Theo Mayer: Well, with the foundation's role and through the years, and the years after the war, your family has a genuinely unique relationship to World War I. So from that unique perspective, and obviously from your own personal view, why do you think it's important for America to remember World War I?
David Rockefeller: Well, I think it's enormously important to draw lessons from any conflict in which we have been involved. As you well know, the US is kind of schizophrenia about whether it wants to be involved beyond its own borders. At times, it's been very isolationist. And in both world wars, it took the US quite a while to decide they wanted to engage in a conflict, which was in a sense, principally about Europe. The other side of the US is more of an expansive and engaged belief in the might of the United States and the justification of getting involved in wars in foreign lands. And luckily in both cases, the U.S. government decided to commit its soldiers, its lives, and its technology to defeating the enemy in both cases (Germany). Then of course, history will show that it was a lucky thing that we did.
Theo Mayer: Well, let me change gears a little bit. You've actually been involved in sitting on the boards of the Museum of Modern Art and some other things, so I want to address you as a person involved in the arts. I saw some pictures from the evening at Versailles where Sabin, in his animated style, and you are in front of the maquette and he's clearly telling you the story about "A Soldier's Journey," the main sculpture for the new National World War I Memorial. What do you think about that?
David Rockefeller: Well, I've only seen the maquette, of course, because that's all that exists so far, but it looked like a very moving narrative sculpture where you looked from left to right and really saw the history of a soldier's engagement, multiple soldiers' engagement in World War I. And so I'm very optimistic that Sabin's work will be a great success when it's shown in full scale in Washington DC.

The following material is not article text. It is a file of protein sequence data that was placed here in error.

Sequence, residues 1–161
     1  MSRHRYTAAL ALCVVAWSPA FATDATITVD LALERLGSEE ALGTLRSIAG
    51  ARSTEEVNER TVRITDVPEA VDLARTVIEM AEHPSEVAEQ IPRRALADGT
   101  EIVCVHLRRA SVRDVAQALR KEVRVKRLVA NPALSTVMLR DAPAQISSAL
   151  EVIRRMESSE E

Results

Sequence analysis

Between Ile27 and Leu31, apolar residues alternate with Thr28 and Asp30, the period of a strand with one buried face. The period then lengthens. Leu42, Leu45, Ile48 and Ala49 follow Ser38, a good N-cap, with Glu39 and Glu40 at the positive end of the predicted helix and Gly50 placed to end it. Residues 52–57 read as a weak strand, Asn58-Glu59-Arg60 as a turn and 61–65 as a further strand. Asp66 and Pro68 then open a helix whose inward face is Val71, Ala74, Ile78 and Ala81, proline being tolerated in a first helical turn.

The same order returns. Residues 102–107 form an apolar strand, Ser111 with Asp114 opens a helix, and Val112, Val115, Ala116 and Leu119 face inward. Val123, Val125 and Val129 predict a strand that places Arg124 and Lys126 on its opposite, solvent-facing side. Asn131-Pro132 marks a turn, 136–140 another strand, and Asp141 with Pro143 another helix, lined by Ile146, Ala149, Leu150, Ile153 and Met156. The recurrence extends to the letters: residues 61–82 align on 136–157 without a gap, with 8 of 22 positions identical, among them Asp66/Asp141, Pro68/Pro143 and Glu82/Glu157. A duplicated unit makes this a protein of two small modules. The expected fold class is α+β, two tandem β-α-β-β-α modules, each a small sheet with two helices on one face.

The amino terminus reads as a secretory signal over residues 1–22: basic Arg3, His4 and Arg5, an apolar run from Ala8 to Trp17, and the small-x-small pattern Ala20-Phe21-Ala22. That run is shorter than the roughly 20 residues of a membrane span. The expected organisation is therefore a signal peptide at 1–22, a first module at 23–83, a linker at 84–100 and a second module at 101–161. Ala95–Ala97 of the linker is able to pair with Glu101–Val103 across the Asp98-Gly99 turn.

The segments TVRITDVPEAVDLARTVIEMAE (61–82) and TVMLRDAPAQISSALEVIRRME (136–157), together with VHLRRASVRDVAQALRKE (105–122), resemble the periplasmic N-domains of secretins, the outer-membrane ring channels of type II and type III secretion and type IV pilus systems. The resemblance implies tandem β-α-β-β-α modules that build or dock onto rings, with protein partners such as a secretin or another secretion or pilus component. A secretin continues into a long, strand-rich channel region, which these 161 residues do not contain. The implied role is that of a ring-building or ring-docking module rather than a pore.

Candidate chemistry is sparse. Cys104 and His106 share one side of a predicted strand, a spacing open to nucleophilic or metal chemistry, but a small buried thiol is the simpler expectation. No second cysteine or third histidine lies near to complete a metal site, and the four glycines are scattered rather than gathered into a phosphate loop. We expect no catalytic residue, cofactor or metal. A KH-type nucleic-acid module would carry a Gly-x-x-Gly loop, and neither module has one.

Theo Mayer: David, at one point you sat as the citizen chair of the National Parks Foundation. What was that experience like for you?
David Rockefeller: I had a very positive experience as the citizen chair of the National Park Foundation. In that role, I reported actually to several secretaries of the Interior, and it was a great experience for me to combine my interests in philanthropy, in the environment, and in art.
Theo Mayer: Well, one last question for you. From your own unique perspective, what do you think people should remember about America's role in World War I?
David Rockefeller: I hope what people remember always is the horrible cost of war, and the need in each situation to very, very carefully define what our interests are in getting into a war. I heard General Colin Powell recently talk about his philosophy, which I share, which is, "Enter a war as a last resort. But if you do enter, make sure that you are going to win it."
Theo Mayer: A very good closing statement. Thank you so much, David. It was a great interview.
David Rockefeller: Thanks very much. I appreciate it very much, Theo. Good to talk to you.
Theo Mayer: We want to thank David Rockefeller Jr. For taking the time from his busy schedule to be with us today, and for the great work both he and the foundation have been doing for such a long time. As we mentioned at the top of the segment, we have links for you in the podcast notes to the book, A Century of Giving, and our other research notes.
“Beyond Charity: A Century of Philanthropic Innovation”: